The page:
Fed maintains 0% target rate, will act as required to fight coronavirus impact

Negative interest rates are a tool the Fed could use, but that's not likely to benefit cardholders much


The economy has taken a hit from weaker demand and shutdowns, and the second quarter is expected to be worse.

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As the U.S. economy continues to battle the economic impact from the coronavirus-induced shutdown, the Federal Reserve will maintain its target interest rate in the 0% to 0.25% range.

In an April 29 press conference, Fed Chair Jerome Powell noted that the Fed will be “very patient” and is not in a hurry to move the rate up.

In a statement, the rate-setting Federal Open Market Committee said, “The coronavirus outbreak is causing tremendous human and economic hardship across the United States and around the world,” noting that impact from the measures to protect public health “are inducing sharp declines in economic activity and a surge in job losses.”

The Fed also expects that the “ongoing public health crisis will weigh heavily on economic activity, employment and inflation in the near term, and poses considerable risks to the economic outlook over the medium term.”

See related: Credit card issuers offer cardholders relief amid coronavirus outbreak

Q1 economic output contracts; Q2 will be worse

Powell said the risks the FOMC is referring to include unknowns such as how long it will take to get the virus under control, whether there will be any additional outbreaks of COVID-19 and when there will be drugs available to treat the disease.

Economists anticipate that the shutdown of the U.S. economy has pushed it into a nasty recession, which typically means at least two consecutive quarters of decline in economic output.

The government reported on April 29 that first quarter U.S. gross domestic product slumped at an annualized rate of 4.8%, compared to GDP growth of 2.1% in the fourth quarter of 2019. The large-scale unemployment that has resulted from the shutdown has also impacted consumer demand. Consumer spending, which accounts for about 70% of U.S. GDP, declined 7.6% in the first quarter.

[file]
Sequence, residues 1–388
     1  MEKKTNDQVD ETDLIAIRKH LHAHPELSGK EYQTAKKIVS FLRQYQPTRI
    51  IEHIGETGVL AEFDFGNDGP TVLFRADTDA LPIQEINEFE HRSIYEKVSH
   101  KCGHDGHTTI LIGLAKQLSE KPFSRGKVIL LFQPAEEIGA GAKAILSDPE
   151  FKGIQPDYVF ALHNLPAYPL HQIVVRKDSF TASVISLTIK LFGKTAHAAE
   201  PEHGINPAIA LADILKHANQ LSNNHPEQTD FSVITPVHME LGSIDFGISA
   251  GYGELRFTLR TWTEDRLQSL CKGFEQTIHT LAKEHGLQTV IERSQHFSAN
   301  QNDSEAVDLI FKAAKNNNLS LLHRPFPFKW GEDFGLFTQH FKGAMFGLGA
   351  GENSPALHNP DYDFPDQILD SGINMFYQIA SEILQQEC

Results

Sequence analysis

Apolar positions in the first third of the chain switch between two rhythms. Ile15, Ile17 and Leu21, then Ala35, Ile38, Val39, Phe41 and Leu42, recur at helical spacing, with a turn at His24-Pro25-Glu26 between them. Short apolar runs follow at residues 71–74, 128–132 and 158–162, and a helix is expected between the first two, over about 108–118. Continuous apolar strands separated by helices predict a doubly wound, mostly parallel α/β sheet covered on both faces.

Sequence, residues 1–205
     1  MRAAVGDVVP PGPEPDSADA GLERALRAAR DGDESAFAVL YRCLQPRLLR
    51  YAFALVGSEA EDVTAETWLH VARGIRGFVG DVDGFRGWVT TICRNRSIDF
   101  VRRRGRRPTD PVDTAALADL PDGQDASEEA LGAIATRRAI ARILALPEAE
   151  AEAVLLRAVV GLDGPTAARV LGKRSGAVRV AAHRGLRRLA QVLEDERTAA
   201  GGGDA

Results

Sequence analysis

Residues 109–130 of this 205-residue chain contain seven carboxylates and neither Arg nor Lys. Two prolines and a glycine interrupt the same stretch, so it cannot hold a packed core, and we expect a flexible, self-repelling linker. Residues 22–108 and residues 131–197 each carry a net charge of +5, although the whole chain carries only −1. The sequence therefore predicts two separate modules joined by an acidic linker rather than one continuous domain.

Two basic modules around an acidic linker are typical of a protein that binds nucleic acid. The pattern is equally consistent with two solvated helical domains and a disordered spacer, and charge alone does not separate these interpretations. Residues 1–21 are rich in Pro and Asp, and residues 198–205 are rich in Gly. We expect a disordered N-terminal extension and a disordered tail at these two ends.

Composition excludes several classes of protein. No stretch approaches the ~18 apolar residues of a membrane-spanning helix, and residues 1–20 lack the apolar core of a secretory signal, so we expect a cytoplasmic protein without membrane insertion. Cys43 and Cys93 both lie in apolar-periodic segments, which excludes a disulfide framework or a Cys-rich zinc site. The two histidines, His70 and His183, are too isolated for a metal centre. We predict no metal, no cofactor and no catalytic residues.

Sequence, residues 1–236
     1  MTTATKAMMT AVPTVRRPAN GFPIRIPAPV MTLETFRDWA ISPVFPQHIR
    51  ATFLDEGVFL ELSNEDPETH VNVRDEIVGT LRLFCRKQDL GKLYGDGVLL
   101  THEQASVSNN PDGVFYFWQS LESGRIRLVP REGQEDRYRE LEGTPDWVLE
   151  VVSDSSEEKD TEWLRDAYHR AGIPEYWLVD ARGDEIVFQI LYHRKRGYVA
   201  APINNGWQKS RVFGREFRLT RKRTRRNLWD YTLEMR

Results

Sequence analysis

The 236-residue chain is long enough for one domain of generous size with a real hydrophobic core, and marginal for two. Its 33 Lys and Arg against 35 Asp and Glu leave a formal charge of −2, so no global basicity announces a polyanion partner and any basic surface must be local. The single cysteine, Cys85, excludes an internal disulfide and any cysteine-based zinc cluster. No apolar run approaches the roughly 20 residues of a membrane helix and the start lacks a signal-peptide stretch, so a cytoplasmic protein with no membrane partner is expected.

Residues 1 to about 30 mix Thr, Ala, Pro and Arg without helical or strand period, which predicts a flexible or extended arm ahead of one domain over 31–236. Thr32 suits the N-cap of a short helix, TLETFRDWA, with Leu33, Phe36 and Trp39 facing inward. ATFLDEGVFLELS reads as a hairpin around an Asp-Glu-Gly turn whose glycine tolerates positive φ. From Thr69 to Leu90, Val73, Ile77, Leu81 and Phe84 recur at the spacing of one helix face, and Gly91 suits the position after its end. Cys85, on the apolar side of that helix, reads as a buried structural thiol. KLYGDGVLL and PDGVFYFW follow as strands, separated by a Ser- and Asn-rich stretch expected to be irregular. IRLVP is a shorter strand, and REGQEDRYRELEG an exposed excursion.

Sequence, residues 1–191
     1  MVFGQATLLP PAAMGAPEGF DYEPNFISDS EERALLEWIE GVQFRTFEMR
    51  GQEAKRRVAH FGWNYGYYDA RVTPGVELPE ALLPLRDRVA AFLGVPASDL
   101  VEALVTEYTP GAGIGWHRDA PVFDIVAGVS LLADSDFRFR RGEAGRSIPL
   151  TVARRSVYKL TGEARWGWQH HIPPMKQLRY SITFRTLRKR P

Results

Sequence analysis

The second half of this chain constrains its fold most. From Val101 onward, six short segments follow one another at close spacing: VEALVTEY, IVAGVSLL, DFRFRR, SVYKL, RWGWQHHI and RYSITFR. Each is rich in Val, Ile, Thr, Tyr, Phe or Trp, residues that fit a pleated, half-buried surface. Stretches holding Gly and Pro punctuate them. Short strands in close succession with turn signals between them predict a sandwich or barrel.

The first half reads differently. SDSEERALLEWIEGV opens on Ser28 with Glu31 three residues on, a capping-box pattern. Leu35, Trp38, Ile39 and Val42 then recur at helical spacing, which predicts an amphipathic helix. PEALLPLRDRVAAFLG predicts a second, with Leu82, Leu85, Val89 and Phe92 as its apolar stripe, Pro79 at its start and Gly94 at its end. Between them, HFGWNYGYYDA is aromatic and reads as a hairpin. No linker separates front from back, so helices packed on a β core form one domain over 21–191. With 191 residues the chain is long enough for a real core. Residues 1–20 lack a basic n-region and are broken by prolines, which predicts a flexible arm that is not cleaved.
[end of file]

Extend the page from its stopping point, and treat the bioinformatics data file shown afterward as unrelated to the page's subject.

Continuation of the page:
Considering that the shutdowns largely began in March, the damage is expected to hit harder in the second quarter.

“We’re going to see economic data for the second quarter worse than any we’ve seen,” Powell said.

According to Wells Fargo Securities’ U.S. economy outlook for April, most of the decline in economic output will be in the second quarter, with inflation-adjusted economic output falling at an annualized rate of 22%.

The firm also expects there will be job losses of more than 20 million before this recession bottoms, pushing the unemployment rate to north of 15%. Wells Fargo anticipates a recovery to begin in the summer, with economic output jumping at an annualized 7.2% rate in the third quarter, with the caveat, “of course, much depends on the progression of the virus.”

Ryan Sweet, a Moody’s Analytics economist, anticipates a “W-shaped” recession and recovery.

“That means the deep slide in the economy that we are suffering now, a bounce when businesses begin to reopen and then a modest slump as consumers and businesses remain cautious until a vaccine becomes available and the economy fully engages,” Sweet said. “Under any shape, the recovery will take time.”

And according to TD Economics, in an online commentary, “The level of real GDP is anticipated to remain below its pre-virus level until 2022. As it has in past downturns, lingering uncertainty is anticipated to weigh on investment even once a recovery in household spending takes place.”

See related: Coronavirus: What to do if you’re unemployed and have credit card debt

Fed will anchor inflation expectations to avoid deflation